Record Ratings and Record Chaos on Cable News


CNN once positioned itself between MSNBC and Fox on the political spectrum. But during Mr. Trump’s tenure, the network concluded that there was no profitable middle ground with a president who seeks confrontation with the media. The channel adopted an increasingly political focus, hosting dozens of Democratic primary town halls and debates. It also competes more directly with MSNBC than ever before for audience, offering Don Lemon and Mr. Cuomo as a more emotional, less cerebral alternative to Chris Hayes and Ms. Maddow.

And as much as MSNBC seemed thrown off by the coronavirus, CNN was ready, flexing its still-supple muscles for covering all-consuming news stories. Now it focuses primarily on the coronavirus, interlaced with impassioned and often viral monologues denouncing President Trump.

CNN remains a network identified with and defined by one man, Jeff Zucker, the chairman for news and sports at WarnerMedia as well as CNN’s president since 2013. He runs the 9 a.m. news calls, and his refrain has been to stay on the coronavirus. His fingerprints are all over the programming, and CNN’s confidence tackling the dangerous, physical scrum of breaking news paid off in its vivid coverage of Mr. Floyd’s death and the aftermath. He has been telling his staff for months that the pandemic is the central story, and he told me he anticipated it to dominate the rest of the year.

“Between now and November, there’s no chance it’s a normal political year,” he said in a telephone interview on Thursday. “That’s just not conceivable between now and the end of the year.” And while the network is now focused intensely on the crisis in America’s cities, coronavirus “is still the principal story of our time,” he said.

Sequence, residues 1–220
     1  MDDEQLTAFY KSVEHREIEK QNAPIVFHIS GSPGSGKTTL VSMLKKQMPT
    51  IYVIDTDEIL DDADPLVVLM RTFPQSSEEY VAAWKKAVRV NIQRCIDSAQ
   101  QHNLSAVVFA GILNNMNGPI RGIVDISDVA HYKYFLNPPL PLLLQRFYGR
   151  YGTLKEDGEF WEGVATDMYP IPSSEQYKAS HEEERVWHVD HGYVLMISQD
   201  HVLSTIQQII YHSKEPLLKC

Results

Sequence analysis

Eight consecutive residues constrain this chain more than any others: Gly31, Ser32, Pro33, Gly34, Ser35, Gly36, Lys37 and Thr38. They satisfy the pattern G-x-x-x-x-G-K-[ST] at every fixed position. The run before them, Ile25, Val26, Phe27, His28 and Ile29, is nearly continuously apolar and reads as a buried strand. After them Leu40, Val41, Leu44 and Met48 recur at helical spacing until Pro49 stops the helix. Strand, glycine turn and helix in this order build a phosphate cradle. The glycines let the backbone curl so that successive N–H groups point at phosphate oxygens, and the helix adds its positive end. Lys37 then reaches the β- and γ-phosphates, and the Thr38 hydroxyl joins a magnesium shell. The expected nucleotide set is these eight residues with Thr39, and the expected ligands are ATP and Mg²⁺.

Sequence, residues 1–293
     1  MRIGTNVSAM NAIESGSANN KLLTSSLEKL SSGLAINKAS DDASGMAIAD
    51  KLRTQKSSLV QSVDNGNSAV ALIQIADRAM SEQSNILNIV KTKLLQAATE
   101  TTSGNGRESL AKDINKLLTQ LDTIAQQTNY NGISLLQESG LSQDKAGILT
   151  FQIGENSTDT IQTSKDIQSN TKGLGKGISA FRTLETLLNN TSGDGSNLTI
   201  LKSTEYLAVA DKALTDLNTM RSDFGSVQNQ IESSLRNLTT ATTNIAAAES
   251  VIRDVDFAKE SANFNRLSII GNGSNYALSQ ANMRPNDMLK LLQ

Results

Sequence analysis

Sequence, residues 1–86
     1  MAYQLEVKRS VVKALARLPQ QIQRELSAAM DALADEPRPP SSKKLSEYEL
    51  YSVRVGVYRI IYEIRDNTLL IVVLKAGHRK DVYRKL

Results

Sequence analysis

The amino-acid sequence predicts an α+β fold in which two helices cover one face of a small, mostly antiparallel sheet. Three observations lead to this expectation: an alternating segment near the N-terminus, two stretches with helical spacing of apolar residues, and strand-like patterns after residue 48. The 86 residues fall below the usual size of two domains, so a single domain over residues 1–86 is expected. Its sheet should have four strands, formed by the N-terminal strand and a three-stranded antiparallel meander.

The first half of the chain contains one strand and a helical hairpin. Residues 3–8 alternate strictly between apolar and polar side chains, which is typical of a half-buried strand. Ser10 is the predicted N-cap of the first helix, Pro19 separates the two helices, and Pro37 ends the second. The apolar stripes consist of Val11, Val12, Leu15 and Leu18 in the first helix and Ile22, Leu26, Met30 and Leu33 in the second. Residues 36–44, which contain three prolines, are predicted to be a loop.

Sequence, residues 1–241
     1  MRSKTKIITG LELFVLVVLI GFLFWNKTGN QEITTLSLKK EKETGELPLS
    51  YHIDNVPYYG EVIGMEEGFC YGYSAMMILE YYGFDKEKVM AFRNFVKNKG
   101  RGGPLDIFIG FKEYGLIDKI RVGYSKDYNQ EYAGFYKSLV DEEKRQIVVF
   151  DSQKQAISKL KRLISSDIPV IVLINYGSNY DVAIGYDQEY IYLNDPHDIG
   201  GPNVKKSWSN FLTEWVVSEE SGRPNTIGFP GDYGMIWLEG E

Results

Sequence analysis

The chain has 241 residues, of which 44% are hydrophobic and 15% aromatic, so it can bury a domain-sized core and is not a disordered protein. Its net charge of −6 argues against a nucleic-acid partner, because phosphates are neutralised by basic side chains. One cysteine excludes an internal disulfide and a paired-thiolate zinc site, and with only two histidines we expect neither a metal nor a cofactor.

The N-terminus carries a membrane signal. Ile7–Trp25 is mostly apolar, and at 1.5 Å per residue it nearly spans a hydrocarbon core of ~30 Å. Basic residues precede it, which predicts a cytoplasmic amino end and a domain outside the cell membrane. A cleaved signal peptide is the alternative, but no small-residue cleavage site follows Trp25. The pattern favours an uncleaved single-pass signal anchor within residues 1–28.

Lurking in the background for all the networks, though, is the question: How long can this last? Cable news appeared, like much of linear television, to be in terminal decline before Donald Trump turned it into the greatest, most terrifying show on earth.

CNN, the original cable news network that turns 40 on Monday, is at the heart of that question. Its commitment to on-the-scene reporting produced the riveting coverage, and arrest, of its correspondent Omar Jimenez on Friday morning. Its iconic status drew protesters on Friday night to its Atlanta headquarters, where they vandalized its globally recognized logo and defaced the building, putting CNN where it has often found itself in the Zucker years — right in the center of the story.

“They are telling our stories, and you are disgracing their building,” Atlanta’s mayor, Keisha Lance Bottoms, told demonstrators. But Killer Mike, whose real name is Michael Render, spoke for a nation exhausted by the endless adrenaline shots of news and conflict when he told the network to “stop feeding fear and anger every day. Stop making people feel so fearful. Give them hope.” A CNN spokeswoman declined to respond to his comments.



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